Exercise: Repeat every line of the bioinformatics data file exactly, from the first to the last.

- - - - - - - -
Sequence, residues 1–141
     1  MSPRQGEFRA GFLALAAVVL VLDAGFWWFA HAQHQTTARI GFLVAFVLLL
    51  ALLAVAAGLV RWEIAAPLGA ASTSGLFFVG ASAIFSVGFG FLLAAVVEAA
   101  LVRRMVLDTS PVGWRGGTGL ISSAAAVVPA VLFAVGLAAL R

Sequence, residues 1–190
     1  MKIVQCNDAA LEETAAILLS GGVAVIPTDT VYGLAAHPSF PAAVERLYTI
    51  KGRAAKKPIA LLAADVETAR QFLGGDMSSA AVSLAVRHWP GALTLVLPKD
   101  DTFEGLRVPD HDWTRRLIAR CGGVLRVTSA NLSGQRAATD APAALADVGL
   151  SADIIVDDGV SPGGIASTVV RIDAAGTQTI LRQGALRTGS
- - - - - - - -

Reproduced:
Sequence, residues 1–141
     1  MSPRQGEFRA GFLALAAVVL VLDAGFWWFA HAQHQTTARI GFLVAFVLLL
    51  ALLAVAAGLV RWEIAAPLGA ASTSGLFFVG ASAIFSVGFG FLLAAVVEAA
   101  LVRRMVLDTS PVGWRGGTGL ISSAAAVVPA VLFAVGLAAL R

Sequence, residues 1–190
     1  MKIVQCNDAA LEETAAILLS GGVAVIPTDT VYGLAAHPSF PAAVERLYTI
    51  KGRAAKKPIA LLAADVETAR QFLGGDMSSA AVSLAVRHWP GALTLVLPKD
   101  DTFEGLRVPD HDWTRRLIAR CGGVLRVTSA NLSGQRAATD APAALADVGL
   151  SADIIVDDGV SPGGIASTVV RIDAAGTQTI LRQGALRTGS